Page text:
So we’re not in the business of obviously owning property; we only go on title for the accommodation of the reverse exchange. In fact, when we are on title to that property, we also entered into a triple-net lease with the client who’s doing the reverse exchange, and that lease will give the investor (the exchanger) all the burdens and benefits of ownership. So even though I’m on title to facilitate the reverse exchange, if there’s tenants in that property that you were buying in the reverse, you are gonna deal with those tenants, you are gonna collect the rent from those tenants. If there’s leaky toilets, you’re gonna go out and fix them. I’m not in the business of managing those properties for you. We are only on title in name and only for that reverse exchange.

Joe Fairless: And only for 180 days, right?

Leonard Spoto: For only up to 180 days. Hopefully a lot less, because hopefully it takes you a lot less time to actually get your relinquished property sold.

Joe Fairless: So the reverse exchange would make the most sense if I have cash or access to cash via a private money lender or seller-financing, and I am concerned about finding a replacement property or I have identified my property, I need to buy it now, but I haven’t sold the property I’m exchanging it from.

Leonard Spoto: Yeah, that is correct. Sometimes people get forced into a reverse exchange. You did your homework, you got your property on the market to sell, you had a buyer that came in, the buyer looked great, so you went out and made an offer to purchase something. You got into contract to purchase, you’re gonna time it so that your sale closes today, your purchase closes tomorrow, but then all of a sudden, that buyer for the property that you are selling all of a sudden just disappears, they go away for whatever reason. Now you find yourself in contract to buy something, you thought you had a buyer for the property you’re selling, but that guy took off, so you’re forced into a reverse exchange – not an ideal scenario, but that is something that happens as well, where people find themselves in a reverse exchange.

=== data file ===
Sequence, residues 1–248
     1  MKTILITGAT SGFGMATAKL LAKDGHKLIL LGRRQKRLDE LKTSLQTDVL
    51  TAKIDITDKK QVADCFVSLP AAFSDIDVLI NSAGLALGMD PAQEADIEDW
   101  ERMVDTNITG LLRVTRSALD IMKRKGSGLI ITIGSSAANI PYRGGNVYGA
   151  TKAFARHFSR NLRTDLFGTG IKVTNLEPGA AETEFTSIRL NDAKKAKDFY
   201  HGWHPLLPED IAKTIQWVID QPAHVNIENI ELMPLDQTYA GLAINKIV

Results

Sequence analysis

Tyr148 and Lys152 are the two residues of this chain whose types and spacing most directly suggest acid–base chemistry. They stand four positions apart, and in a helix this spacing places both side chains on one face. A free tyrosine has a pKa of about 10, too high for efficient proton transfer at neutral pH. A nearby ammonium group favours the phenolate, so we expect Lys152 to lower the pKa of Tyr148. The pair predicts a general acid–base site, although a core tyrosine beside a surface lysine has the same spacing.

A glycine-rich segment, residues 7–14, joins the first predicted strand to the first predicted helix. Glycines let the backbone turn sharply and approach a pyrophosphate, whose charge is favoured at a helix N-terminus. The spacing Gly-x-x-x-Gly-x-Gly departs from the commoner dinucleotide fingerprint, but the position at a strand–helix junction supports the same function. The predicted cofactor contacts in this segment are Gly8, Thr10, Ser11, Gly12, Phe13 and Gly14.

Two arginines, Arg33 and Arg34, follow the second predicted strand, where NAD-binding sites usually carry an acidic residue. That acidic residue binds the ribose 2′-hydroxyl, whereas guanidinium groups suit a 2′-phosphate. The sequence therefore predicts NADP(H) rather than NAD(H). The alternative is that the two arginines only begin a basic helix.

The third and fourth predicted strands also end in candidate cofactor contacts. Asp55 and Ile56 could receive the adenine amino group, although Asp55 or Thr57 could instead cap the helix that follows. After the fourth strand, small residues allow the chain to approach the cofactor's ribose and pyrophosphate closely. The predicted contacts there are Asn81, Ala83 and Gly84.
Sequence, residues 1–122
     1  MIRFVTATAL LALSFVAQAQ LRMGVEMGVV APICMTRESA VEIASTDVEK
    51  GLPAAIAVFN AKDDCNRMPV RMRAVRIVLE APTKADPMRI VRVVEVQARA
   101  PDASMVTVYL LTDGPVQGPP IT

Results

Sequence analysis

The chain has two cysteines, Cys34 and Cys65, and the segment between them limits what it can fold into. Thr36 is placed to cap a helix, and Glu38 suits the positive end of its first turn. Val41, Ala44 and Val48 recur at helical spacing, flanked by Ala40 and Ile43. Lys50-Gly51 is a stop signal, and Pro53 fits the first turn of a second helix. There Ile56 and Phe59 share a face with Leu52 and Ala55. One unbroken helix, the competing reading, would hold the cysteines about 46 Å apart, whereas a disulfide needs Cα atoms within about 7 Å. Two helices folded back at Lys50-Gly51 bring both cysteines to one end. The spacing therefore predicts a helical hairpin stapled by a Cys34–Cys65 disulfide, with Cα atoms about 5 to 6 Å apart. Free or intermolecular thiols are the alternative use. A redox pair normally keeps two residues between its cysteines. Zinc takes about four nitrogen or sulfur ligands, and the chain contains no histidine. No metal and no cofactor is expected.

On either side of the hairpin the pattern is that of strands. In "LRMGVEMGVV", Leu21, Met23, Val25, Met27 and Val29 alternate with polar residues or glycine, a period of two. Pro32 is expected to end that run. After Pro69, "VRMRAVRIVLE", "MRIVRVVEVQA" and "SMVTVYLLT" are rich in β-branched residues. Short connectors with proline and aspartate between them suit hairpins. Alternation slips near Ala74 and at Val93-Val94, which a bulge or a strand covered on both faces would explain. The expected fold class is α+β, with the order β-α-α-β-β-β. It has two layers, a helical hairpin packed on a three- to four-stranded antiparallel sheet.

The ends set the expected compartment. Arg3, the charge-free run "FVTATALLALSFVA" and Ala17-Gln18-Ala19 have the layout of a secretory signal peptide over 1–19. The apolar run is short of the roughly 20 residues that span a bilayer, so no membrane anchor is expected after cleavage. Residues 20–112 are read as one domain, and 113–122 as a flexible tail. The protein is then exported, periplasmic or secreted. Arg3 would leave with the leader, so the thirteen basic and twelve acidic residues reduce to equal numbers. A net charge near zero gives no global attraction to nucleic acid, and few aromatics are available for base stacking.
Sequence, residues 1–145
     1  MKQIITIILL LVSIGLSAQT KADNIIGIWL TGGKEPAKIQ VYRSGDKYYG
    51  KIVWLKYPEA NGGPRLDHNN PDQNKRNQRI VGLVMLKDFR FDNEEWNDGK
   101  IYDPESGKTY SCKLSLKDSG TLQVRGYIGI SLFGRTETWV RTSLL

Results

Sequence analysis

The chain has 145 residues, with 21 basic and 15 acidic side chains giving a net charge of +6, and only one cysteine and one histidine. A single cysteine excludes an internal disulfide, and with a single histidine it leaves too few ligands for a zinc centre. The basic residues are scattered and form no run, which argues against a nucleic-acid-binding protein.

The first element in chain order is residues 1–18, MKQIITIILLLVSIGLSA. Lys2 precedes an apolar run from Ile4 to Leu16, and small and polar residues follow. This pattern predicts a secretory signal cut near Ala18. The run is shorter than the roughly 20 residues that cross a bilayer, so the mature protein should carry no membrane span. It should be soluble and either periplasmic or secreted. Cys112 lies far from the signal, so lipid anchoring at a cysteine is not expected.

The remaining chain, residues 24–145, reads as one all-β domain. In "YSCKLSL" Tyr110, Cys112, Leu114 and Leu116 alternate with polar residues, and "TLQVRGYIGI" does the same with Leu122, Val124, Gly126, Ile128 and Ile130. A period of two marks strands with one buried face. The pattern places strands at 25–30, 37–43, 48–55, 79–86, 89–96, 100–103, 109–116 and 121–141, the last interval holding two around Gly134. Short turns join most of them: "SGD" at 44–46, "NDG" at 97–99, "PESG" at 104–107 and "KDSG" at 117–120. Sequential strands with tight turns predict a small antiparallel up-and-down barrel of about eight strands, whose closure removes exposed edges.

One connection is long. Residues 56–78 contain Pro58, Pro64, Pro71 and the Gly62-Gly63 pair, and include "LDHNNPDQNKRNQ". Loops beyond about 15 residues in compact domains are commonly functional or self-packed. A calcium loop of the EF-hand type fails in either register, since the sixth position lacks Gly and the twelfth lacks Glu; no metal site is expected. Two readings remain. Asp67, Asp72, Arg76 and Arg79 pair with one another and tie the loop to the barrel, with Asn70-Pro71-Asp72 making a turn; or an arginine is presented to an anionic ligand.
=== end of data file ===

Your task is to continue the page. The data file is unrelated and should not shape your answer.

Joe Fairless: Let’s talk about some stories that you’ve either experienced yourself or heard from others, where a 1031 didn’t go according to plan and it went sour. Can you tell us a couple stories of what you’ve come across?

Leonard Spoto: Within the last 3-4 years, the biggest reason why an exchange goes sour is because they simply can’t find a suitable replacement property in the timeframe. When you’re doing an exchange, if you sell a property you have 45 days to identify what you’re thinking about buying and a total of 180 days to purchase and close on that replacement property.

So the biggest challenge in today’s market is finding that property within those 45 days, because it has to be identified within 45 days. We’ve had clients who sold their property, went to Hawaii for 2-3 weeks to celebrate the sale, came back and said “Jesus, there’s nothing on the market. What am I gonna do?!” That’s just poor planning, and exchanges blow up all the time because people just fail to plan properly.

That’s one thing – you’ve gotta do your homework if you’re gonna get into the 1031 exchange. There’s a lot at stake. My clients routinely have tax liabilities of hundreds of thousands of dollars; occasionally, those tax liabilities can get into the millions of dollars for some of our big clients… So if you are not doing your homework, you’ve got a lot at stake if the exchange fails. The government’s gonna come in, and in high states like California where we operate out of, you’re looking at about a 33% effective tax rate between state and federal government. Like I said, it can be hundreds of thousands of dollars, sometimes millions of dollars for our clients. So the biggest mistake some of the clients make is just not planning properly.